Alabama ends the pandemic season by defeating Ohio State for the title

This shifted an even greater burden on the shoulders of Fields, who needed a sedative injection to be able to play with a stiff blow – a helmet in the hind ribs – in the semi-final victory over Clemson. The injury turned Fields, a talented physical runner, into a pocket lane, depriving Team Buckeyes of yet another element in their attack.

Buckeyes, perhaps more than any other team in the country, was no stranger to the turmoil. Three matches were canceled, and they played only eight, and Monday was the fourth game in a row in which they lost at least ten players.

Ohio got stuck with Alabama for a while – thanks in part to some generosity from Crimson Tide. Jones flopped his 19-yard streak to create a single landing, Jordan Patel kept the drive alive with a helmet-to-helmet hit for which he was ejected, and Patrick Sirten II dropped an interception in the finish zone, which was followed by a field goal.

Ultimately, however, Ohio was simply overshadowed by Alabama crime.

The tides flashed every element of her arsenal – an upward attack line that gave Harris room, back 6 feet 2, 229 pounds by the feet of the ballerina, and time for Jones, who dissected the Ohio State defense as was a biology lab frog. Often, Jones, who threw 464 yards and five touchdowns, put the ball in Smith’s hand, the sleek, slippery receiver with the hand of a Venus flytrap.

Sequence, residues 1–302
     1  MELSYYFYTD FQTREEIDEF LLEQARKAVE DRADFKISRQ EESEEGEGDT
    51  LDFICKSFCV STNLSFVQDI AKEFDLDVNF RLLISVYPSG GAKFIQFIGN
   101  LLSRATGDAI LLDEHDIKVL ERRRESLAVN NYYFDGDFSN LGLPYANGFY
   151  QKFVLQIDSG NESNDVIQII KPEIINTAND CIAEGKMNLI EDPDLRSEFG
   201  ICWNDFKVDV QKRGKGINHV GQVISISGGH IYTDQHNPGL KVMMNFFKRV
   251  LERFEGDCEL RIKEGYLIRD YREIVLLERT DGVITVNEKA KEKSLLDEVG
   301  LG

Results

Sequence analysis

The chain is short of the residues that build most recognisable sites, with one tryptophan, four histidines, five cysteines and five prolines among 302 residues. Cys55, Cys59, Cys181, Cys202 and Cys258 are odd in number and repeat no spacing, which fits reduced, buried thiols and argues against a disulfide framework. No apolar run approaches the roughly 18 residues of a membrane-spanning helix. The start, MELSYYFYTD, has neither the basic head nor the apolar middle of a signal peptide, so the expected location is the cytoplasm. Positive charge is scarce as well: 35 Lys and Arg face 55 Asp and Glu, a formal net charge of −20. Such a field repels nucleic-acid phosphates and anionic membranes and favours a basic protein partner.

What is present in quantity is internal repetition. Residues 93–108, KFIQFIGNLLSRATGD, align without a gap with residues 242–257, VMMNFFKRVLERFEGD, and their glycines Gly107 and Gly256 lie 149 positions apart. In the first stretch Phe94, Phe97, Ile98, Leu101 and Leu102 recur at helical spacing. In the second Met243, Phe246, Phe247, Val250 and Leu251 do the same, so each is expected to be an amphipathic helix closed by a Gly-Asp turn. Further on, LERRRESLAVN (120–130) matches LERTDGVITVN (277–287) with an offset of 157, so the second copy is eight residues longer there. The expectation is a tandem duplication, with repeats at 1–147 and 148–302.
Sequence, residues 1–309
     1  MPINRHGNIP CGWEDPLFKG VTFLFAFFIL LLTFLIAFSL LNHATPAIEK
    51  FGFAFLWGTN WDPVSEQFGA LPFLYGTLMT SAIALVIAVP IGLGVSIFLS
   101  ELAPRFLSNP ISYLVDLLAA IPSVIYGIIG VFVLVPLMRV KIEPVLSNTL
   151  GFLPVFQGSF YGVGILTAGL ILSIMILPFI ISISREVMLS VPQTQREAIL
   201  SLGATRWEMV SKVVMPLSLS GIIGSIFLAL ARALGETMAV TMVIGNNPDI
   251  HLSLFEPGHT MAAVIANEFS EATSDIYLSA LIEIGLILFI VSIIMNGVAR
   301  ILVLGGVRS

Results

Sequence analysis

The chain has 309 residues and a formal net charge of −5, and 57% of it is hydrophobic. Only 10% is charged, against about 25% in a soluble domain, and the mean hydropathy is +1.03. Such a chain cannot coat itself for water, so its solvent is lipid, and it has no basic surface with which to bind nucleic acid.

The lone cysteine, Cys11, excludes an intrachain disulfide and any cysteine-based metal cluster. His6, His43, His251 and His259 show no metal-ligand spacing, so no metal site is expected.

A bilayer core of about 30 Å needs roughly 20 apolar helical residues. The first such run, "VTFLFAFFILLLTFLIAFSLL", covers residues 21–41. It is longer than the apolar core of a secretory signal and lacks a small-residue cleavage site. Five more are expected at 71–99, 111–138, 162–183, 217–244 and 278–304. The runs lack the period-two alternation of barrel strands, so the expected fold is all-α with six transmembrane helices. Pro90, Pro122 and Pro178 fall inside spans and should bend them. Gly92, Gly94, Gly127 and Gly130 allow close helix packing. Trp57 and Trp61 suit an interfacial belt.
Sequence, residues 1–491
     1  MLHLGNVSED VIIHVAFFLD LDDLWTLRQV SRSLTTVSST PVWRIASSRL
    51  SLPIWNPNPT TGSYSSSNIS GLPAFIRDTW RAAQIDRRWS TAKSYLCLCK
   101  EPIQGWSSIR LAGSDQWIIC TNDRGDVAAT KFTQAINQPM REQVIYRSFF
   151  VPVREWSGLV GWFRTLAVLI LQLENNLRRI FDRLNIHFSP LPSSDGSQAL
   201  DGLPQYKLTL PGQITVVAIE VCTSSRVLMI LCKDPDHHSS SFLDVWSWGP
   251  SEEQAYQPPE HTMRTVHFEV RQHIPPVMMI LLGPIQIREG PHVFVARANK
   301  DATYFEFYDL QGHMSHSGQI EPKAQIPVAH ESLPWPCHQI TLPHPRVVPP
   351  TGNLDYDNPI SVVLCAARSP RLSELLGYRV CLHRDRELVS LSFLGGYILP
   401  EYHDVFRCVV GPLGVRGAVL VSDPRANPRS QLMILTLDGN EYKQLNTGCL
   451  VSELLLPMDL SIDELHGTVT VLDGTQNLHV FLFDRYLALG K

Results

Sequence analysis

Making it all sing was Attacking Co-ordinator Steve Sarkissian, the new coach in Texas who fooled the Ohio State defense hoping to bend but not break, but didn’t achieve either.

Harris, who sped into the finish zone fourth down from the 1-yard streak, later squaded into the flat exposed in the face of a lightning attack and turned a pass from Jones into a landing putting Alabama ahead forever, 21-14, with nine minutes remaining in the quarter. The second.

Sarkissian pulled off a cool trick near the goal line: Smith lost in a reverse move from the smart move. This allowed Smith to have short passes that turned into touchdowns by overpowering the defenders. Alabama ended his sneak attack in the second quarter in an almost comedic manner: Smith lined up against center back Tove Borland, who looked as if he was running into the sand as he chased Smith in a downward pass from 42 yards.

The play was a lot like the rest of the night: a mismatch.

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